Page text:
I have to admit straight away this is NOT my own sponge recipe! But I have to share this. Cakes are my passion and you can’t get more classic than a vanilla sponge. With the classic and simple comes complication. The more simple the sponge the tricker it is to get right as you can’t hide a not-so good cake behind textures and flavours.
This has to be the best recipe I have tried and tasted so far! If you have one to rival it I would love to know!
The recipe is by the cake goddess herself Mary Berry. My mother had the fortune of taking an AGA course with her at her home many moons ago, and said she is the sweetest and most gentle soul who loves cakes, baking and sharing her experience with others. What a lovely lady! Her sponge recipe is taken from:
So here is my recipe for a wonderful vanilla sponge topped with sweet buttercream and fresh strawberries. The key thing about baking is technique, you don’t have to have top quality ingredients if you can’t get them or afford them. It is the technique and process you follow. You can do this, I promise! Just have a go!
225g Unsalted butter (*important* room temperature, soft to touch but not melted)
225g Caster sugar
225g Self-raising flour
4 large eggs (*important* room temperature)
1tsp Vanilla essence
1tbsp milk (*important* room temperature)
150g Unsalted butter
300g Icing sugar
140ml whipped cream
1 punnet of fresh strawberries
1. Preheat the oven to 180c/350F/gas 4 and grease your chosen tin(s). Put the soft butter into a mixing bowl and beat with a wooden spoon or electric mixer for a minute until very smooth and creamy.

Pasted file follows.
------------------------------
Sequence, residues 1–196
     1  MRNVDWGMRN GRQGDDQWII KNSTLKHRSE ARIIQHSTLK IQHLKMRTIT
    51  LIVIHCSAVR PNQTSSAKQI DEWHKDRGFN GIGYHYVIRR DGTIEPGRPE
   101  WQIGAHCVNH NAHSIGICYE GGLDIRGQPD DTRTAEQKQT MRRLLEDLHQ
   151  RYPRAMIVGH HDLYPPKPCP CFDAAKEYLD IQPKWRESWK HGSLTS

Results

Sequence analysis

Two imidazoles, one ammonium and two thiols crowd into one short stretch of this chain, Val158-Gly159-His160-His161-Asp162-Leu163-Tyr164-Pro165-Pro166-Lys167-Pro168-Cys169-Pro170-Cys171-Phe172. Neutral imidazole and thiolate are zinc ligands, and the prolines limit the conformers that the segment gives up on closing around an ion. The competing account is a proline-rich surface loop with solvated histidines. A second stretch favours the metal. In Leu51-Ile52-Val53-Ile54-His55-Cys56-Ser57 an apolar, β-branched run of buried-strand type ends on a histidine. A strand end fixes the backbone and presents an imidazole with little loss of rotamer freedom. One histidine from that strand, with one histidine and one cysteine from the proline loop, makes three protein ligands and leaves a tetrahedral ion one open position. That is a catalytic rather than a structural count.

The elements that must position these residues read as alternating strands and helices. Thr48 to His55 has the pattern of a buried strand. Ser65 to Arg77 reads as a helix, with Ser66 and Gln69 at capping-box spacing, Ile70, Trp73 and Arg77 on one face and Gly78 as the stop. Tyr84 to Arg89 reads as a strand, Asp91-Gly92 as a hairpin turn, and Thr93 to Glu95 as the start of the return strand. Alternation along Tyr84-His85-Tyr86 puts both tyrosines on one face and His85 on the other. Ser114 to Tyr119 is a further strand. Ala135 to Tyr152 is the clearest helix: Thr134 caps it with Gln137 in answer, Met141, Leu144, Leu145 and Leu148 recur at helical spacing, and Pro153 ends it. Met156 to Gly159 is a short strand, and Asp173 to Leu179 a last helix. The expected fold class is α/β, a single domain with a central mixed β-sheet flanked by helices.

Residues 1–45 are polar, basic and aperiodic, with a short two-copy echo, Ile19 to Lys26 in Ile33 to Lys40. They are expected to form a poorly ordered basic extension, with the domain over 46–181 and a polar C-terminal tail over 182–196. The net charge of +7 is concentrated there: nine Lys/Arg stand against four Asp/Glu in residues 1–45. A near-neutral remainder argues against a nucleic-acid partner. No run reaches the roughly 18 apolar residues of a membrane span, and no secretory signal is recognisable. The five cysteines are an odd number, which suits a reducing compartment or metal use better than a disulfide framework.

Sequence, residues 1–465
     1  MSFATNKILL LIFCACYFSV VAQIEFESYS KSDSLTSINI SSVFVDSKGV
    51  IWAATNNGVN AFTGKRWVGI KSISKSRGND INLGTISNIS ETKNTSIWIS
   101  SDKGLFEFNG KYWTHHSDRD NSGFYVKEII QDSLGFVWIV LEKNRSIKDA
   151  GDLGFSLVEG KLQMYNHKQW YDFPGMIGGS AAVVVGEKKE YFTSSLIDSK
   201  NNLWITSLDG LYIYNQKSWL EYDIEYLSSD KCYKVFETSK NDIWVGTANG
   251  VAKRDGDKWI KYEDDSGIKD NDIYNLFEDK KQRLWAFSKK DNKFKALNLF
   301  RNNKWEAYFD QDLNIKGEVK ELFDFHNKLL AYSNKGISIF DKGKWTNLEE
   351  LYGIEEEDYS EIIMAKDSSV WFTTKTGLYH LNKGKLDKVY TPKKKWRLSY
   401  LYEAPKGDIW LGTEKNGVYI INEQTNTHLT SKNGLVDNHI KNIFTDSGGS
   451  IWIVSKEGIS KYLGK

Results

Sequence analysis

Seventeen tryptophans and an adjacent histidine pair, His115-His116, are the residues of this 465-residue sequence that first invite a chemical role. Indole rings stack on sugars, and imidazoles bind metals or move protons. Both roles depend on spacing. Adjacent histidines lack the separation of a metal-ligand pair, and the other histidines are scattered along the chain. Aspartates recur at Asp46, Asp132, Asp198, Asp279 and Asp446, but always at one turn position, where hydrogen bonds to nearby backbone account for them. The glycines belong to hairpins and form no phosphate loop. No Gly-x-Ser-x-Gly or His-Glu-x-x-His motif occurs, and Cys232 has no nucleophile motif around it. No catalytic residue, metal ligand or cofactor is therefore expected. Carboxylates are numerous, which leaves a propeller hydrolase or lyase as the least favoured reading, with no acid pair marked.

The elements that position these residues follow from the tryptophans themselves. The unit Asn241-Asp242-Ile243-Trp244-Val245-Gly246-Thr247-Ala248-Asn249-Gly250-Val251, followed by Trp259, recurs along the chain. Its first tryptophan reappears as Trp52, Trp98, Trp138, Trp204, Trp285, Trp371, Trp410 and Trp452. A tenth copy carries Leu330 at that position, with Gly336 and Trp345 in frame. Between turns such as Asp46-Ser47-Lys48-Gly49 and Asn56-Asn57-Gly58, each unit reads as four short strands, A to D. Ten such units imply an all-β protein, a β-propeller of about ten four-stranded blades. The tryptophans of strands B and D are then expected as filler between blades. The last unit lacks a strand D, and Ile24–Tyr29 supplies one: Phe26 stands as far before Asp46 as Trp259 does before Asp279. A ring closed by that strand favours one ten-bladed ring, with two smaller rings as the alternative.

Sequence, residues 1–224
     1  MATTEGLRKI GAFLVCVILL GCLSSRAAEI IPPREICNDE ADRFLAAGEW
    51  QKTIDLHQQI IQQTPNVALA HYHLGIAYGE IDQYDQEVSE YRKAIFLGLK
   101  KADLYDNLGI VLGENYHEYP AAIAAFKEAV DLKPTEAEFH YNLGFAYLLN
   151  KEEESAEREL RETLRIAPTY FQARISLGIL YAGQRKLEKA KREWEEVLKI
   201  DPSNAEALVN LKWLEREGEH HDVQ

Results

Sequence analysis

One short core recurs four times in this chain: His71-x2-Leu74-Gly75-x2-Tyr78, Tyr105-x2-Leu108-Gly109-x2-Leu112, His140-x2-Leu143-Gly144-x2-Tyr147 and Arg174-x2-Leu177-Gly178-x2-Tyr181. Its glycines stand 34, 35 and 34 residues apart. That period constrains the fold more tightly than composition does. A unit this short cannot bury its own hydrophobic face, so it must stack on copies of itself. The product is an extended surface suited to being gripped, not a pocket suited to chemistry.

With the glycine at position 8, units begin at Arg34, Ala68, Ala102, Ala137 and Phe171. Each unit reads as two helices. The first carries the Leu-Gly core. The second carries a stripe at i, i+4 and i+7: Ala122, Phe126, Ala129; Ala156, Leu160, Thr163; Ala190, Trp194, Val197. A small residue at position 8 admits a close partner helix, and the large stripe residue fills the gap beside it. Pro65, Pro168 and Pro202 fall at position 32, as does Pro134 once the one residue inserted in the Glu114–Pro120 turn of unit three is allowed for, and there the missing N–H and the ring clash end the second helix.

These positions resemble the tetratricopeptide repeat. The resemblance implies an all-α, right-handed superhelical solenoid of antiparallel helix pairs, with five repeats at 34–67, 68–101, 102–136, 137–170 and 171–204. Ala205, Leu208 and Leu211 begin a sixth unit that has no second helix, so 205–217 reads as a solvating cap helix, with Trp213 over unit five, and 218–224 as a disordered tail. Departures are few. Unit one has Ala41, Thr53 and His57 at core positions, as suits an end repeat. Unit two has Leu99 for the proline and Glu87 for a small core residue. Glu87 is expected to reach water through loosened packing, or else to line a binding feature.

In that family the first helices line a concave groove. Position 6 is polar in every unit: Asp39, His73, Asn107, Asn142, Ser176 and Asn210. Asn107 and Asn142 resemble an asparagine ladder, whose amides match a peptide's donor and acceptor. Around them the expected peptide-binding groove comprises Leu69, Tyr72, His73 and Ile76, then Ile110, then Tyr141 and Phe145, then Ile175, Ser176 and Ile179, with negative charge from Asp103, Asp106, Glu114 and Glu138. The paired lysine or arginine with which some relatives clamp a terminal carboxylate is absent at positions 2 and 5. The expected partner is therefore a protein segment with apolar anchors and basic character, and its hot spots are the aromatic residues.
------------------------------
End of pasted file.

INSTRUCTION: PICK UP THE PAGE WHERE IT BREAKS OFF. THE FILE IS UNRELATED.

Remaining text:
2. Gradually beat in the sugar, then keep on beating for 3 or 4 minutes or until the mixture turns almost white and becomes very fluffy in texture; scrape down the bowl from time to time.
3. Break the eggs into a small bowl, add the vanilla and the eggs into a small bowl, add the vanilla and beat lightly with a fork just to break them up.
4. Slowly add to the creamed mixture, a tablespoon at a time, giving the mixture a good beating after each addition and frequently scraping down the bowl. This will take about 5 minutes.
5. If the mixture looks as if it is about to curdle, add a tablespoon of the sifted flour and then continue adding the last portions of egg.
6. Sift the flour again, this time onto the mixture and add the milk
7. Gently but thoroughly fold the flour into the mixture using a large metal spoon. Do this as lightly as possible so you don’t knock out any of the air you have beaten in.
8. Stop folding when there are no streaks of flour visible in the mix and no clumps at the bottom of the bowl.
9. Spoon the mix into a tin (mine was a silicone Mickey Mouse shaped one!), or into two tins if you want to create a sandwich cake
10. Spread the mixture evenly in the tin(s) right to the edges
11. Bake for 20/25 mis or until a golden brown and the sponges are springy when gently pressed with your fingertip. They should almost double in size during baking.
12. Whilst the sponge is baking take the butter, icing and cream and mix thoroughly in a bowl with a metal spoon. Once mixed pop in the fridge to chill
13. Remove the tins from the oven and leave for a minute – the sponges will contract slightly. Run a round-bladed knife around the inside of each tin to loosen the sponge, then turn out on to a wire rack and leave to cool.
14. Once the sponge has chilled spoon and spread the buttercream on the sponge, spreading to the outside of the cake
15. Hull the strawberries and slice them in two so they have a flat surface to place on the icing
16. Stick the strawberries to the buttercream icing on the cake to cover the cake. You could also sift icing sugar over the cake if you wish.